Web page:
Lucas Cranach the Elder, The Annunciation to Saint Joachim
WASHINGTON, DC.- Heirs to the Herzog Collection, the largest private art collection in Hungary prior to World War II, filed suit in the United States District Court for the District of Columbia late yesterday to seek the return of artworks illegally held by Hungary since the Holocaust. The heirs are also demanding a full and transparent inventory of looted art from the Herzog Collection held by Hungary, marking the first time a request of this nature has ever been made in an art restitution lawsuit.
The lawsuit seeks the return of over 40 artworks with a combined value of over $100 million, including masterworks by El Greco, Francisco de Zurbarán, and Lucas Cranach the Elder. The works come from the collection of Baron Mór Lipót Herzog, a passionate Jewish art collector, and the case is regarded by experts as the world’s largest unresolved Holocaust art claim. Hungary, a WWII-era ally of Nazi Germany that organized the dispossession, seizure, deportation, and eventual deaths of more than 500,000 Hungarian Jews, has held the artworks since the genocide of its Jewish population, despite years of negotiations and international appeals for the collection’s return from multiple U.S. Senators.
Major Works in Herzog Collection
Before his death in 1934, Baron Mór Lipót Herzog amassed approximately 2,500 paintings, sculptures, and other artworks in what was one of the finest collections of art in all of Europe. Among the artworks at issue in this case are:
· The Agony in the Garden, an oil-on-canvas masterwork that was one of six El Greco paintings in the former Herzog Collection;
· The Portrait of Don Balthasar Carlos, by Alonso Cano, the Spanish painter and sculptor known as “the Michelangelo of Spain”;
· The Spring, by Gustave Courbet, the innovative French painter who lead the Realist movement in 19th-Century France; and
· Portrait of a Woman (Lady with a Marguerite (Daisy)), by Camille Corot, the 19th-Century French landscape painter of whom the impressionist master Claude Monet said, “We are nothing compared to him, nothing.”
The complaint filed yesterday sets out the remarkable and disturbing facts of the case, including:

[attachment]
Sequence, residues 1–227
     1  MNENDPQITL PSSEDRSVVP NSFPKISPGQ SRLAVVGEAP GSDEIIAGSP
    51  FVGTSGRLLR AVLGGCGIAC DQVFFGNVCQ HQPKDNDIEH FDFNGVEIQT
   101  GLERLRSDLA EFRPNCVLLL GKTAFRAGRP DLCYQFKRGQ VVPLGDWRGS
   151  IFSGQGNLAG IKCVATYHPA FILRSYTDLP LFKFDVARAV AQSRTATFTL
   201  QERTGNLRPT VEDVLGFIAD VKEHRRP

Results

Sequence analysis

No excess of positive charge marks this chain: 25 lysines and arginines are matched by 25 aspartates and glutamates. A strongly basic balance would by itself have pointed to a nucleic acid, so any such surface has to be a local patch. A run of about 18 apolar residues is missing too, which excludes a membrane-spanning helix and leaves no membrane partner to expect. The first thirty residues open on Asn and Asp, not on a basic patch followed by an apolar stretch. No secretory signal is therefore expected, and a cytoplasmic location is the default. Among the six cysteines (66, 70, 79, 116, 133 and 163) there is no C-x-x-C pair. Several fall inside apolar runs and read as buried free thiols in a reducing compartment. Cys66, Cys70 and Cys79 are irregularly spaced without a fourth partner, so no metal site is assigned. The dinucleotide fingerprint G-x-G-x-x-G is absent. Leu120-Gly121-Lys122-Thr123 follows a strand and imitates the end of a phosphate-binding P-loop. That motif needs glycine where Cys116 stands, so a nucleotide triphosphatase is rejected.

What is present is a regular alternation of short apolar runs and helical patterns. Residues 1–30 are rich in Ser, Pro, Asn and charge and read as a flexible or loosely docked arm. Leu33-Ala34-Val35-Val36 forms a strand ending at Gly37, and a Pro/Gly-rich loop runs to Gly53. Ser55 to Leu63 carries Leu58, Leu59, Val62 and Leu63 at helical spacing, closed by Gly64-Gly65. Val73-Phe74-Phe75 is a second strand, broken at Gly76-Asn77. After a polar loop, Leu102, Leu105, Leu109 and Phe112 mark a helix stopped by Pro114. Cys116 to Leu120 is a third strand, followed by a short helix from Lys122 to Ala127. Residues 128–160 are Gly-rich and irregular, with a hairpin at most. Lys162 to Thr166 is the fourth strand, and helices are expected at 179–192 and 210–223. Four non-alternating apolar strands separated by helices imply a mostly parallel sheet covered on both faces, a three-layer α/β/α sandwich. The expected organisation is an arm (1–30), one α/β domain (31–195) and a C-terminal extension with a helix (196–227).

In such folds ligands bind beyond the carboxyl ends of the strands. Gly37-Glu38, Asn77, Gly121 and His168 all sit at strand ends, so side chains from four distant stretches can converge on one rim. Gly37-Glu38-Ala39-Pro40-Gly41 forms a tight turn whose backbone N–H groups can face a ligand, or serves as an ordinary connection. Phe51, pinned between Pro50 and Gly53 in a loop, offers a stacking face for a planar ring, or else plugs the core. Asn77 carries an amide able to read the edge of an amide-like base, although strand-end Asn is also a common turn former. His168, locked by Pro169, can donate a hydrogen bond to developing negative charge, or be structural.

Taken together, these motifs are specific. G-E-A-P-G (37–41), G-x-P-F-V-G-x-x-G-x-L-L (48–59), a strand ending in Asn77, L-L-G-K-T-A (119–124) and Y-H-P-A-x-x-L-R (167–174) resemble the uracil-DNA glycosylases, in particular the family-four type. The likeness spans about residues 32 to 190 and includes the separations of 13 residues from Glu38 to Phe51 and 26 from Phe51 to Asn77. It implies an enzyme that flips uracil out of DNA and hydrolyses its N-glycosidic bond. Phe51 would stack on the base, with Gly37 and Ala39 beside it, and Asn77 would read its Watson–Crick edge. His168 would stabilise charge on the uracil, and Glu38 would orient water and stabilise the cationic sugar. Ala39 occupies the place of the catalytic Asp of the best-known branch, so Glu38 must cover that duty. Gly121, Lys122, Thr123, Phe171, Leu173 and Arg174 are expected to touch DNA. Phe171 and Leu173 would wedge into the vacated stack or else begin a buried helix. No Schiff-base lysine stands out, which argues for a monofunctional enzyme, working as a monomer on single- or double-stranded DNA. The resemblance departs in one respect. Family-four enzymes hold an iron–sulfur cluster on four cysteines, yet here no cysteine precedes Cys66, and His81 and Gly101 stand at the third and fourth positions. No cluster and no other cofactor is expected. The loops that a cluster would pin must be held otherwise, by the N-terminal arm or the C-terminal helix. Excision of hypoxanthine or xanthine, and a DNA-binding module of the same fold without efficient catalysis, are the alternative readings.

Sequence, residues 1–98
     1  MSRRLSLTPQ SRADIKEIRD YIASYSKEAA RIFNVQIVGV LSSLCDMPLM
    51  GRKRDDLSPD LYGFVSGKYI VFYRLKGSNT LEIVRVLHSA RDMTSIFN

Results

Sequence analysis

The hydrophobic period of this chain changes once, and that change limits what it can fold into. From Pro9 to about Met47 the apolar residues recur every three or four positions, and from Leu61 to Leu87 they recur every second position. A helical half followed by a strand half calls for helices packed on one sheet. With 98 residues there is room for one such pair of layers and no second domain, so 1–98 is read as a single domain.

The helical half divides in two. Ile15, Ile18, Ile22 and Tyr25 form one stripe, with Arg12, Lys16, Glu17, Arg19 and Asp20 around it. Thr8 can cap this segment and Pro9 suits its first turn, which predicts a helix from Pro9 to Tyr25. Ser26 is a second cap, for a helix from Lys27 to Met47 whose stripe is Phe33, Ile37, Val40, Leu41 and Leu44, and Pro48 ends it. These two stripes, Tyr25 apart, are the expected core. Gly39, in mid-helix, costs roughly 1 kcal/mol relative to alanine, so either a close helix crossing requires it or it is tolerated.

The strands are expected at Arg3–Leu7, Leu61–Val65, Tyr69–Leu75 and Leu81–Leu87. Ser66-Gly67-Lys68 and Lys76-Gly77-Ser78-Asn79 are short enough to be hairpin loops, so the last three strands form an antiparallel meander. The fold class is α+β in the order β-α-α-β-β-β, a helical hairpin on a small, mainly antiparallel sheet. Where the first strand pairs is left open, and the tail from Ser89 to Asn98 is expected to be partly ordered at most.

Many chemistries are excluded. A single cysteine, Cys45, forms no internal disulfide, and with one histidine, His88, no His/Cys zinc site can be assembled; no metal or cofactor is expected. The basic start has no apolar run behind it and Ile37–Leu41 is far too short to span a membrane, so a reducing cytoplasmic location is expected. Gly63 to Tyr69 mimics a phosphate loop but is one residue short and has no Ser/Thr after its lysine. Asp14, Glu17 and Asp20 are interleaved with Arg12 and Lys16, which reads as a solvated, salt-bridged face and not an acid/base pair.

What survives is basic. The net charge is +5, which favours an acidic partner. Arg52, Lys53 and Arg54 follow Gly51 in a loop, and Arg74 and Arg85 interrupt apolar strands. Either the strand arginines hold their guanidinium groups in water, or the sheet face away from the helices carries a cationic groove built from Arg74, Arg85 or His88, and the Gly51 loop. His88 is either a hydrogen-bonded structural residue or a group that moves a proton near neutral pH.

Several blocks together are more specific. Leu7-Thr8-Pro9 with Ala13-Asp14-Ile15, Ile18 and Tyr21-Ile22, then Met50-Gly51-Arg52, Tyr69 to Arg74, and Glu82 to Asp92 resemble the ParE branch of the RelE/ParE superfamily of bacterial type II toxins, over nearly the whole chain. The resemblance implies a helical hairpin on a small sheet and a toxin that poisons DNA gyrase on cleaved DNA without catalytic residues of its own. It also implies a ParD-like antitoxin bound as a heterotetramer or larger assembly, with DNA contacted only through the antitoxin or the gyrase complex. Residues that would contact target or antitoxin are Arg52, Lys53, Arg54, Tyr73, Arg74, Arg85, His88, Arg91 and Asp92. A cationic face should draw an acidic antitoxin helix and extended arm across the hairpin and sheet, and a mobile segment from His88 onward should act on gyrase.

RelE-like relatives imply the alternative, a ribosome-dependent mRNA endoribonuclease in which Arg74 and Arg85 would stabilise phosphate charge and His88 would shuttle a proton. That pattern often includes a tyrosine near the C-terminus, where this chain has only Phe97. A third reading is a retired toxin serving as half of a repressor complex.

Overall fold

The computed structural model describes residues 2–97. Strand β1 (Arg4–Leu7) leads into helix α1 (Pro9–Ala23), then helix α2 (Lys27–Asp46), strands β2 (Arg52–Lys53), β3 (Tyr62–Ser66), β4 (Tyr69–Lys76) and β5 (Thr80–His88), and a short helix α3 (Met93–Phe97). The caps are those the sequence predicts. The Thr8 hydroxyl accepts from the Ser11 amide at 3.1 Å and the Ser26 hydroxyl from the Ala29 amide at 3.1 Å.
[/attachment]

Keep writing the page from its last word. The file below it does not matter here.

· At its peak, the Herzog Collection included approximately 2,500 works of art, including paintings by El Greco, Velázquez, Renoir, Corot, and Monet.
· After the widow of Baron Mór Lipót Herzog died in 1940, the collection was passed to her three children: Erzsébet, István, and András.
· Hungary sent András to a forced labor camp in 1942; he died on the Russian front in 1943. His daughters, who fled Hungary after their father’s deportation and death, are plaintiffs in this suit.
· Hungary attempted to send István to the infamous Auschwitz camp, though he escaped to a safe house. The heirs of István and Erzsébet have assigned their interest in the Herzog Collection to David de Csepel, the lead plaintiff.
· The Hungarian government worked hand-in-hand with the infamous Nazi SS commander Adolf Eichmann in organizing large-scale deportations of Hungarian Jews to German death camps. Between mid-May and July 1944, Hungarian authorities deported over 430,000 Jews, comprising more than 50% of the Hungarian Jewish population.
· In May 1944, the Hungarian Ministry of the Interior issued a decree requiring Jews to register all art objects in their possession.
· The Herzog family attempted to save their artworks from damage and confiscation by hiding the bulk of it in the cellar of one of the family’s factories at Budafok. Dénes Csánky, director of the Museum of Fine Arts, assisted in packing and hiding the artworks. Despite their efforts to prevent the looting of the art, the Hungarian government and their Nazi collaborators discovered the hiding place (Csánky inventoried the treasures as they emerged). The seized artworks were taken to Adolf Eichmann, who selected many of the best pieces of the collection, first displaying his “trophies” and then shipping them to Germany. The remainder was handed over by the Hungarian government to the Museum of Fine Arts for safekeeping.
· Under the 1947 Treaty of Peace between Hungary and the Allies, ownership rights to the Herzog Collection remained with the Herzog heirs.
· The artworks that are the subject of this lawsuit are among the main attractions at Hungary’s Museum of Fine Arts and the Hungarian National Galley. One guidebook to the Museum of Fine Arts includes four art works from the collection, including El Greco’s The Agony in the Garden, while another guidebook includes two artworks from the collection.
· The museums display works from the Herzog Collection prominently and have included tags identifying them as being “from the Herzog Collection.”
· The museums have promoted and distributed books, including Treasures of Venice: Paintings from the Museum of Fine Arts, Budapest, that include works from the Herzog Collection.
· The Budapest University of Technology and Economics and the Museum of Applied Arts in Budapest also possess artworks from the Herzog Collection.
· At the 1998 Washington Conference on Holocaust-Era Assets, an international conference on the persistent issues surrounding Nazi-looted art, the Hungarian government pledged that it was “fully committed to the restitution or compensation of Holocaust victims concerning cultural assets. For managing this complex task . . . a state commissioner will be designated.” Twelve years later, no commissioner has been appointed.
Gustave Courbet, Le Château de Blonay (neige), (The Chateau of Blonay (snow).